We love our steak, but it’s not a good idea to gorge ourselves on the red meat either. According to Medical News Today, this may raise iron levels in the brain, which may increase the risk of developing Alzheimer's disease (AD).
Alzheimer's disease and aging have long been connected to two proteins: tau and beta-amyloid. However, a recent study by researchers from Semel Institute for Neuroscience and Human Behavior at UCLA has shown that these may not be the only culprits of age-related dementia.
Using MRI technology, team leader Dr. George Bartzokis and his colleagues worked with 31 AD patients and 68 healthy individuals. They analyzed the brain's hippocampus, which is one of the first regions affected by Alzheimer's, and the thalamus, which is only affected in the disease's final stages.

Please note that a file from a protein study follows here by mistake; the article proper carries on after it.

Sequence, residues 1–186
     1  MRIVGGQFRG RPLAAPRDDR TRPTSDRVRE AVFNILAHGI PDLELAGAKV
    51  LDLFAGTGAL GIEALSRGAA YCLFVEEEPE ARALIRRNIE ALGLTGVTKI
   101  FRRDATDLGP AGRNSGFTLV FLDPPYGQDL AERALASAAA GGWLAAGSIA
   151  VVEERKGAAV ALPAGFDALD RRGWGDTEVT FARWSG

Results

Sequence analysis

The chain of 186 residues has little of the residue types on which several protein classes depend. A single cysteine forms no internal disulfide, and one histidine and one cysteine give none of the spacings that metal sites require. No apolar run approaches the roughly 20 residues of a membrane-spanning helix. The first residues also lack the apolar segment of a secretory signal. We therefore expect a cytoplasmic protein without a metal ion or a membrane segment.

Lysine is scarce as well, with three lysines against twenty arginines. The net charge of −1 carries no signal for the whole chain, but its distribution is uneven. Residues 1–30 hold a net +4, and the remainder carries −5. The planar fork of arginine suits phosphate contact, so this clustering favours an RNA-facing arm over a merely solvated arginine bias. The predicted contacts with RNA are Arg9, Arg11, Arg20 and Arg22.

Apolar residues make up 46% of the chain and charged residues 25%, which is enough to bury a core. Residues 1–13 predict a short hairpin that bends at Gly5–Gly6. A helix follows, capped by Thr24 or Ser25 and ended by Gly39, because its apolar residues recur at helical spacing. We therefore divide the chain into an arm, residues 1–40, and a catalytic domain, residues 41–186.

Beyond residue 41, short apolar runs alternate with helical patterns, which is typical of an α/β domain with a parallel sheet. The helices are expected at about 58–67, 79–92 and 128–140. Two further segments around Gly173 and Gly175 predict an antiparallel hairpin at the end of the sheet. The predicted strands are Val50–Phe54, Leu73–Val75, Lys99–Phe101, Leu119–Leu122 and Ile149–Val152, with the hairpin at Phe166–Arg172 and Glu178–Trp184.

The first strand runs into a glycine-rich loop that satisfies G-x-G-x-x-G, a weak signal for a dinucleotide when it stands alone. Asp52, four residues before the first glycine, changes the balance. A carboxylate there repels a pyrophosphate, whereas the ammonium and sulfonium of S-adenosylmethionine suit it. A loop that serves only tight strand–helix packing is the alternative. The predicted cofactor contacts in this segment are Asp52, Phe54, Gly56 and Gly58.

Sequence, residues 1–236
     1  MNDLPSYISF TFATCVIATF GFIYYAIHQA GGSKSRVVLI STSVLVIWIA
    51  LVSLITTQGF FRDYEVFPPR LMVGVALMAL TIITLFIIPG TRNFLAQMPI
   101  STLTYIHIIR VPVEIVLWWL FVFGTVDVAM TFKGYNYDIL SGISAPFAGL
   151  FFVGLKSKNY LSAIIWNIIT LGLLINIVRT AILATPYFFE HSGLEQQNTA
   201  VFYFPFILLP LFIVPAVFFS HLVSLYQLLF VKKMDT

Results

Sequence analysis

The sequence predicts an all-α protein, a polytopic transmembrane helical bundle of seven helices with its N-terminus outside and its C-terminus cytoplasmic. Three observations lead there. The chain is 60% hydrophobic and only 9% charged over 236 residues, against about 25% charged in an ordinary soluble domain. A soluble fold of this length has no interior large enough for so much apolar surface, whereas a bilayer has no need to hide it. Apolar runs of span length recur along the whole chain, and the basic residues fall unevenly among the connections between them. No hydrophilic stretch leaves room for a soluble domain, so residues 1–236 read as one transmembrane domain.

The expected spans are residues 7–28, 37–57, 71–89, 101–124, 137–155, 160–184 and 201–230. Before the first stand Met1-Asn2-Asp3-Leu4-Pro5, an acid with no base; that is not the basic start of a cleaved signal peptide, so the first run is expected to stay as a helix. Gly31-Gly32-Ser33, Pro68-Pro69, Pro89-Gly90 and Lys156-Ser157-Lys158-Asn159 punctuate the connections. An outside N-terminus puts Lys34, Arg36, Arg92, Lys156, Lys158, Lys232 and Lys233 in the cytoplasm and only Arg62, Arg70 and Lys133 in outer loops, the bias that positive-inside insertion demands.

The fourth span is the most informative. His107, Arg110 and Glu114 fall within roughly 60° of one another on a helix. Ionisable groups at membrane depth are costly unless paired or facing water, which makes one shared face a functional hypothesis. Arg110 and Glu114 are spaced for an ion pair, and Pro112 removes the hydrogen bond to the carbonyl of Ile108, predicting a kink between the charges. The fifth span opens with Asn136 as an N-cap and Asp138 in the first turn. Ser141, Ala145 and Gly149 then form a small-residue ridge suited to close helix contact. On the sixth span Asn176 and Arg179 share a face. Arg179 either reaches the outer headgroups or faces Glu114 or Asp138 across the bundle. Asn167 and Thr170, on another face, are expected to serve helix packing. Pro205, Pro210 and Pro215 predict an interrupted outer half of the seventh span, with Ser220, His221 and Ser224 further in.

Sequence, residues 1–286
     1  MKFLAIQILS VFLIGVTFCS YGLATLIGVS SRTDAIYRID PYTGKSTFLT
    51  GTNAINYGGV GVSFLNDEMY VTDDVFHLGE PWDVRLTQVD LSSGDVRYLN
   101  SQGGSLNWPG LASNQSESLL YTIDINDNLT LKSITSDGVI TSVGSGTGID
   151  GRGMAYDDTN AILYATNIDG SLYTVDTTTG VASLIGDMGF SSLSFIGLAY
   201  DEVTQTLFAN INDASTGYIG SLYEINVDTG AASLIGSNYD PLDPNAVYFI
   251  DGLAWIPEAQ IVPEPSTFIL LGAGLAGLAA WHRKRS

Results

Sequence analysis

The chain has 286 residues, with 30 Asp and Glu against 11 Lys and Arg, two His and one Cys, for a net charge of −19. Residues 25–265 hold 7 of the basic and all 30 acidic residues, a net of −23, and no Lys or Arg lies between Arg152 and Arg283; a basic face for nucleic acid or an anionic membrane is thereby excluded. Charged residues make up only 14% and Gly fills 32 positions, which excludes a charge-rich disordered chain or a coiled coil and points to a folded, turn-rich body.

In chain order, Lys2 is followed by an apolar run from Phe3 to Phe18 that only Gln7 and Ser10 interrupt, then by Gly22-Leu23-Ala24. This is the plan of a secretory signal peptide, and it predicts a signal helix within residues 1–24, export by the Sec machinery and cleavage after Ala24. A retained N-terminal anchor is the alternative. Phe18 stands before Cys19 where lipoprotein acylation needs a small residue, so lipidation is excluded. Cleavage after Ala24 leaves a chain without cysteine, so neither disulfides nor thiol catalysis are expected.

Based on the results, it appears that iron levels in the hippocampus are associated with brain tissue damage. When iron builds up in this region of the brain, the brain cell myelin, which is produced by the oligodendrocytes, self-destructs and encourages plaque formation. The plaques then destroy more myelin and so on and so forth.
To avoid iron buildup, cut back on red meat and perhaps even iron supplements. Experts recommend consulting your doctor about what you can do to help fight AD as well as other diseases that are triggered with advanced age.
(Photo by Mark, Vicki, Ellaura and Mason via Flickr Creative Commons)